We are wrapping up our Pinterest How To series by tackling a topic that most everyone is interested in: copyright.
Copyright and Pinterest
Over the weekend, Pinterest updated their governing policies, including the terms around how your content is shared. And in case you don’t want to spend time pouring over the updates and deciphering what they mean, we’ve highlighted some of the Pinterest use basics, both new and old, below.
In fact, you might even say that everything you need to know about Pinterest, you learned in kindergarten.
1. Share Everything
Sharing is the name of the game when it comes to social media, no?
Pinterest allows you to pin and post content on their site. You retain the copyright to any content that you own and share on Pinterest.
One of the biggest changes Pinterest made over the weekend was to remove their right to sell your content. When you pin your own content, what you are entitling Pinterest to do is display, re-pin, reproduce, and even re-format your images.
2. Play Fair
As a user and citizen of the Internet, you should be nice to others. Just say no to finding an idea on Pinterest and then passing it off as your own. Not only is that bad blog karma, but you’re also not likely to make oodles of friends in the crafting and photography circles.
And don’t try to make money off of images you pin on Pinterest that aren’t yours. Translated: That quote you thought was hilarious, put on a tee-shirt, and are now selling on Zazzle? Bad, bad idea. That’s not yours to profit from.
3. Clean Up Your Own Mess
Here’s an example: If Pinterest gets sued for copyright infringement because of something you pin, re-pin, etc, then get ready. Because you’re about to get up close and personal with their legal team. In other words, you’re on the hook financially for Pinterest’s legal defense fees should they get dragged into court because of how you are using (or mis-using) your Pinterest account.
4. Put Things Back Where You Found Them
Credit, credit, credit, and then credit some more. Pinterest is all about sharing and getting inspired. If you find a recipe or craft that you are dying to try out, then give it a go! Just be sure you don’t act like a douche and try to pass the brilliant idea off as your own. Give credit back to the blog or website where you found the idea, rather than to your Pinterest board where you originally pinned the image.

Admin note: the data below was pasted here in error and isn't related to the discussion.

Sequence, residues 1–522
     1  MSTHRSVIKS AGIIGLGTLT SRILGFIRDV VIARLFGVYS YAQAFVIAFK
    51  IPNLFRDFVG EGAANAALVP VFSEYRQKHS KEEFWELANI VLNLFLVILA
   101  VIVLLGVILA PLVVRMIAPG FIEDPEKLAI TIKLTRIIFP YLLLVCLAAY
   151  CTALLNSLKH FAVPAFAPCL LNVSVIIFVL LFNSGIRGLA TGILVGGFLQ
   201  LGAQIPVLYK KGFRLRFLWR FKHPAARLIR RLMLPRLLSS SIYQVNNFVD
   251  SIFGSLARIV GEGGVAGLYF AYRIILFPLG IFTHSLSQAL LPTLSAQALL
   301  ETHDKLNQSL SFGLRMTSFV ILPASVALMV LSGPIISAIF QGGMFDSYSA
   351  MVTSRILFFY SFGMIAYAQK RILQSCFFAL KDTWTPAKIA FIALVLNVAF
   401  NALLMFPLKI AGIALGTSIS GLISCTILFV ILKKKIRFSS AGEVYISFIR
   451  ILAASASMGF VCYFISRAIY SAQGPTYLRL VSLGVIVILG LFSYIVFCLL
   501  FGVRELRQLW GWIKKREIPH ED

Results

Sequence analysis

Amy Locurto wrote a great post on why it is incredibly important to credit your original source and why she is adding photo terms to her images.
In the below photo, you can see Amy’s photo terms in action. You’ll even note that she is directing her readers to which photo she’d prefer they pin by placing her Pin It button immediately underneath in the first image in her Easter Marshmallow Pops post.
If you want to be like Amy and have mad Pinterest skillz when you grow up, check out our post on Pinterest Pin Buttons.
5. Don’t Take Things That Aren’t Yours
No one likes a bully. Again, if the image isn’t yours, please don’t try to pass it off like it is.
If you are pinning images that send the link credit back to Pinterest or even Google Image, then stop. Thanks to a super easy tutorial from The Graphics Fairy, it only takes a matter of seconds to find the original source for a photo. Give it a try!
More Pinterest Use Explained
How Long Pinterest Keeps Your Content:
Once you delete or deactivate your account, Pinterest may retain your content for a “commercially reasonable period of time.” How long is that exactly? It is up to Pinterest to define.
What you should also know is that even if you delete your Pinterest account, any of your content that other users have pinned, re-pinned, or happen to have on their boards, stays on Pinterest. In other words, your account may be gone, but your content lives on.
Pinterest is Not for Anyone Under 13:
It’s just like Facebook. If you are under 13, please get off of the computer, go outside and play. There will be plenty of time for you to fall into the social media blackhole when you’re older.
Copyright Pitfalls to Avoid
Sara from Saving for Someday wrote a post on Avoiding Copyright Pitfalls on Pinterest that should not be missed, especially if you are looking to learn more. Not only is Sara an attorney, but she’s been with us as a speaker on our blog conference tour.
More Pinterest Related Articles
- Pinterest: Your Online Pinboard Tool and Tutorial
- How to Use Pinterest to Drive Traffic to Your Blog
- How to Use Pinterest to Increase Your Readership and Social Media Following